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Lyme Disease Co-Infections: Babesia or Babesiosis - The Blood Parasite

Updated on July 4, 2011

Picture from the American Society of Microbiology

Babseia Microti
Babseia Microti

A Babesia video by Tick Encounter at the University of Rhode Island

Babesiosis or Babesia is an infection caused by a malaria-like parasite, also called a “piroplasm,” which is a protozoa that infects red blood cells. It is different then a bacteria, virus, fungus or yeast. It is more animal like. Babesia microti is believed to be the most common piroplasm infecting humans, but scientists have identified over twenty piroplasms carried by ticks. The white footed mouse in addition to white tailed deer are the primary transport hosts. Babesia may or may not always be passed with the Lyme Disease infection. There are many cases where Babesia is the only culprit at hand.

First reported in Nantucket Island, Massachusetts in the late 1960s, it has since spread throughout the United States, Asia and Europe. Dr. Mylonakis, from Massachusetts General Hospital, mentions that in the past decade, cases in humans have been reported with increasing frequency, especially in the northeastern United States.

There are different types of Babesiosis, for example, Babesia microti (in the United States) and bovine strains (in Europe) cause most infections in humans. Most are passed to humans by ticks, though some have been infected from blood transfusions or through the placenta. Despite there being 13 known forms to date, standard testing only looks for two of them. Luckily the American version is the least likely to be fatal.


  • High fever
  • Chills
  • Drenching Sweats
  • Marked fatigue
  • Muscle aches
  • Weakness
  • Decreased appetite
  • Nausea and sometimes vomiting
  • Headache
  • Very low blood pressure
  • Blood Clotting
  • Hemolytic anemia (a breakdown of red blood cells)
  • Liver problems
  • Kidney failure


These are the most common and popular treatments currently. The medications you may be placed on may vary due to your medical history and the experience of the doctor treating you.  Trust the advise of your LLMD (Lyme Literate Medical Doctor) only and do not try to self medicate.  For this reason, I did not include the dosing information.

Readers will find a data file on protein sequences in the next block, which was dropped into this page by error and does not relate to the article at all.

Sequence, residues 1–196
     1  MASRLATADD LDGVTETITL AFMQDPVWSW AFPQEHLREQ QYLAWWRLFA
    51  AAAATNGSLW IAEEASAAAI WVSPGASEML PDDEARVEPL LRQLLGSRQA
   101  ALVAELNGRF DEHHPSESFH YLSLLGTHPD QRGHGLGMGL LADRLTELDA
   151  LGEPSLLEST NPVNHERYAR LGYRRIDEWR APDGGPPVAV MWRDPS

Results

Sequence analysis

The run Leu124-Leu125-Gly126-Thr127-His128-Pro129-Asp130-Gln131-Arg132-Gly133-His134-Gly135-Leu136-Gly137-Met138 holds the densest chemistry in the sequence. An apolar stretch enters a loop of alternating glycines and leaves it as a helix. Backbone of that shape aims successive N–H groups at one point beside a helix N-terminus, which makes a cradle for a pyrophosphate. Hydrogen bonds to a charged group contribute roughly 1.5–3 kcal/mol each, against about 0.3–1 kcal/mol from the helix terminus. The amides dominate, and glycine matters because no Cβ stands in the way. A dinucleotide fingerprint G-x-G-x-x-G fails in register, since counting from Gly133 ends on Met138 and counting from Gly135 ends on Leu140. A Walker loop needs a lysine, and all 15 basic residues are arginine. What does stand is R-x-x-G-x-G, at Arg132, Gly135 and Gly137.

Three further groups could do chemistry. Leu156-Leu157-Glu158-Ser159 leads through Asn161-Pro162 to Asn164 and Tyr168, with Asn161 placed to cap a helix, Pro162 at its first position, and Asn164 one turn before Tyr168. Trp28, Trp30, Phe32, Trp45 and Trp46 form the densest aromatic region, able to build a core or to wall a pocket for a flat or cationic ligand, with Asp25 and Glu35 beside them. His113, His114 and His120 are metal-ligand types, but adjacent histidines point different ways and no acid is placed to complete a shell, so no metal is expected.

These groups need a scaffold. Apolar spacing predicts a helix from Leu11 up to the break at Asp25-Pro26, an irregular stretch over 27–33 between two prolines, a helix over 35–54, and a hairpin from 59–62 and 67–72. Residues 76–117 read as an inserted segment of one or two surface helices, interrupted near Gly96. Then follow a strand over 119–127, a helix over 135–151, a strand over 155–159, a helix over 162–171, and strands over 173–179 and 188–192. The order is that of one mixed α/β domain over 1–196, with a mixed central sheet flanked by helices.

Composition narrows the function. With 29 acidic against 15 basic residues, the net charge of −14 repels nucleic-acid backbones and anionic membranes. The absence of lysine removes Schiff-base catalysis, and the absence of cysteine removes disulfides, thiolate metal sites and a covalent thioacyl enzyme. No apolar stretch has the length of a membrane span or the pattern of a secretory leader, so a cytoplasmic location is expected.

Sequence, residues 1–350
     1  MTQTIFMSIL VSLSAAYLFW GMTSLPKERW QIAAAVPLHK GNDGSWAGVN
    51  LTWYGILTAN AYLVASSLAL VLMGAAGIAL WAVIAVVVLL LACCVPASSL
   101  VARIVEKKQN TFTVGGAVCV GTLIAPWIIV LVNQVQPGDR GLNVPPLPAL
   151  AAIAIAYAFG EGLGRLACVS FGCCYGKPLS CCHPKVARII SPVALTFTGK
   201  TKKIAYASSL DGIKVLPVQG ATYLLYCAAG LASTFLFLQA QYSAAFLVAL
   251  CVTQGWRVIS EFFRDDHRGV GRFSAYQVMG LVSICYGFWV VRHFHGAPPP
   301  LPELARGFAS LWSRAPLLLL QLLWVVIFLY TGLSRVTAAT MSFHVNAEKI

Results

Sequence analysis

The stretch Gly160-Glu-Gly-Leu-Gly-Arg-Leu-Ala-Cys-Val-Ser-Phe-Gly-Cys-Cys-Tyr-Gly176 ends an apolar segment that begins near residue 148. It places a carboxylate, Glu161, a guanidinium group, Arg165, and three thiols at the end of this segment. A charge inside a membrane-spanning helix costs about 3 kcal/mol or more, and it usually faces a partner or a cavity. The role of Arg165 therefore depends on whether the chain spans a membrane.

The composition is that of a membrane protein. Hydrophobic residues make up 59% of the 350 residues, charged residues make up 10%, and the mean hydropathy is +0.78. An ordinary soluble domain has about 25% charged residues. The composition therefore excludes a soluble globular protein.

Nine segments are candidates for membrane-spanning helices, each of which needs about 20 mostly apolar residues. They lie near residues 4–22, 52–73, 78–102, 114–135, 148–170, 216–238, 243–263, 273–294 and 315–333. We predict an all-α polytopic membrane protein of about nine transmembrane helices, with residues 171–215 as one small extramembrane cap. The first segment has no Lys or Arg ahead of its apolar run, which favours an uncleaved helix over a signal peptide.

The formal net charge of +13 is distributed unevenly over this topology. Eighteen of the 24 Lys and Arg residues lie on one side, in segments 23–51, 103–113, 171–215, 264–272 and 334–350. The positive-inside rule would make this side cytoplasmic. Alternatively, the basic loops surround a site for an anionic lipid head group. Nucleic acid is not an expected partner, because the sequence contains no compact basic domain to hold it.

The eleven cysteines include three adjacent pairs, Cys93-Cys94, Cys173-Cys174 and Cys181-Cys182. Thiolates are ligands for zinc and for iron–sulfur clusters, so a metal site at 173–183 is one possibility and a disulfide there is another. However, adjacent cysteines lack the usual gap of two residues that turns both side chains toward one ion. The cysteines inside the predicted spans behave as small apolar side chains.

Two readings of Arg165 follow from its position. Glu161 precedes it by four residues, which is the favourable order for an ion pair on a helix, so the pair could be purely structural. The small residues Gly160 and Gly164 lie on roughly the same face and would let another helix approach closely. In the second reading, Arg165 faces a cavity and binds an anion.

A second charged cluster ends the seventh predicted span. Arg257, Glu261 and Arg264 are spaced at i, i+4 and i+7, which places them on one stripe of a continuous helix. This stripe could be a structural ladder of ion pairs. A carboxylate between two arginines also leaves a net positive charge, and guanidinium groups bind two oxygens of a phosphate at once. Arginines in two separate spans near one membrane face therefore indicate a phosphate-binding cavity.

• Clindamycin (Cleocin)

    Inhibits bacterial growth, possibly by blocking dissociation of peptidyl tRNA from ribosomes, causing RNA-dependent protein synthesis to arrest. Administer in combination with quinine.

  • Erythromycin-type drug (azithromycin, clarithromycin, or telithromycin)

    Inhibits bacterial growth, possibly by blocking dissociation of peptidyl tRNA from ribosomes, causing RNA-dependent protein synthesis to arrest. Treats mild-to-moderate microbial infections. Administer in combination with atovaquone.

  • Atovaquone (Mepron or Malarone)

    May inhibit metabolic enzymes, which, in turn, inhibit growth of microorganisms. Administer in combination with azithromycin.

  • Quinine sulfate (Formula Q)

    Inhibits growth of parasite by increasing the pH within intracellular organelles and possibly by intercalating into DNA of the parasites. Administer in combination with clindamycin.

If you are looking for in depth information on Babesia, may I recommend...


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    • deadpoets79 profile image

      DeAnne 4 years ago from St. Louis, Missouri

      Awesome info! Thanks for spreading Tick-Borne Disease awareness!

    • Sandyspider profile image

      Sandy Mertens 7 years ago from Wisconsin, USA

      Very informative information on lyme disease. Thumbs up!

    • hypnodude profile image

      Andrea 7 years ago from Italy

      Useful informations about this disease, good to know, rated up and useful. Thanks for your kind comment and have a great day. :)